Natural Area prides itself on the abilities of our team and strive to support team members with their individual studies and interests. Shannon has been with our team since mid-2021. She recently submitted her thesis for her Master of Science at Edith Cowan University and will be presenting her research at the Biodiversity Conference 2021, being held in September at UWA.
Read on to see what her research was all about.
Potential for resource competition between the boodie (Bettongia lesueur) and mala (Lagorchestes hirsutus) in the fenced Matuwa reserve, central Western Australia
By Shannon Treloar, Dr. Cheryl Lohr, Dr. Anna Hopkins, and Dr. Robert Davis.
Translocations to closed systems such as fenced reserves can provide significant conservation benefits to threatened fauna species, however they can also bring forth potential threats. Resources are limited in fenced reserves and natural processes that regulate populations, such as dispersal and predation, are unable to occur. Consequently, there is increased potential for interspecific competition because there are less resources available for partitioning and overpopulation is possible. Interspecific competition may lead to the decline or exclusion of the more sensitive species. We investigated the potential for competition between two native marsupials, boodies (Bettongia lesueur) and mala (Lagorchestes hirsutus), that co-exist in a 1100 ha predator-free fenced reserve located in the arid rangelands of central Western Australia. Resource overlap between coexisting populations of these two species has not been studied previously, but the literature suggests the potential for considerable dietary overlap with possible suppression of the more sensitive mala. We investigated the degree of dietary overlap using scat DNA from non-invasively collected scats, as well as the degree of spatial overlap using scat counts and temporal overlap using camera traps. Results suggest limited potential for significant exploitative competition, with both species displaying different foraging preferences and consuming most primary food items in differing volumes. The species displayed no sign of spatial or temporal avoidance, most likely because dietary partitioning exists so there is limited risk from using the same habitats and having similar activity rhythms. This study will contribute to the successful conservation of boodies and mala and will contribute to gaining a better understanding of how translocation success may be affected by the presence of competition, particularly within a closed environment where resources are limited.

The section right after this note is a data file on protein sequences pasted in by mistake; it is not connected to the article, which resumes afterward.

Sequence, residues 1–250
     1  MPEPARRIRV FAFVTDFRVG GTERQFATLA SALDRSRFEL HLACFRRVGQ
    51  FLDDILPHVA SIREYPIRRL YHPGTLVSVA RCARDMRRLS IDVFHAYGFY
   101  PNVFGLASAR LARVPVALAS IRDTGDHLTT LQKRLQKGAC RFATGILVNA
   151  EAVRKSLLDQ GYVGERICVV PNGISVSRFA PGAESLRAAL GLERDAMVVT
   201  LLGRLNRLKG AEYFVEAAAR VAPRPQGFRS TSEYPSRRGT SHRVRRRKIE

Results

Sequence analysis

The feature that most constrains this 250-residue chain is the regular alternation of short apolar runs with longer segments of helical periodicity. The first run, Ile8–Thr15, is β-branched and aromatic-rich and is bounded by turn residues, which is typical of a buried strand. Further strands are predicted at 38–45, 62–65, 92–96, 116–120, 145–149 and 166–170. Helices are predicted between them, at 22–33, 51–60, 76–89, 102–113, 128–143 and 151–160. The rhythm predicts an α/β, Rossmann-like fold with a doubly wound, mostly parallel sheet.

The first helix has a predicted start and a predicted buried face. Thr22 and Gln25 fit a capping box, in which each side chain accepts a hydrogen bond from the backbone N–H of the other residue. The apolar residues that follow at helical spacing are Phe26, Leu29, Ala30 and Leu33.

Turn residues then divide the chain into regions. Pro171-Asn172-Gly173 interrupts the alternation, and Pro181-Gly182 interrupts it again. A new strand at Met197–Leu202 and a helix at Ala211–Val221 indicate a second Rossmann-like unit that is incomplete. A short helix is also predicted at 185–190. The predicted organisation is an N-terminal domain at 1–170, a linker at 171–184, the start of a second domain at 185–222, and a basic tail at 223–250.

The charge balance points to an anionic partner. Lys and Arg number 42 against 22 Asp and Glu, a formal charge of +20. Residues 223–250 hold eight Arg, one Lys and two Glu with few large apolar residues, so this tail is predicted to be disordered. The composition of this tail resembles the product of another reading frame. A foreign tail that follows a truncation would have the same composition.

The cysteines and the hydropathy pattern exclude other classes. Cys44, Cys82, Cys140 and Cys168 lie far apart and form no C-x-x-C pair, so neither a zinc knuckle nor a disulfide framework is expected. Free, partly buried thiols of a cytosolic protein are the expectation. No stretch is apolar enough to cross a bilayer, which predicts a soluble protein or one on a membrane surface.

Boodie, Photo by Hugh McGregor (www.aridrecovery.org.au)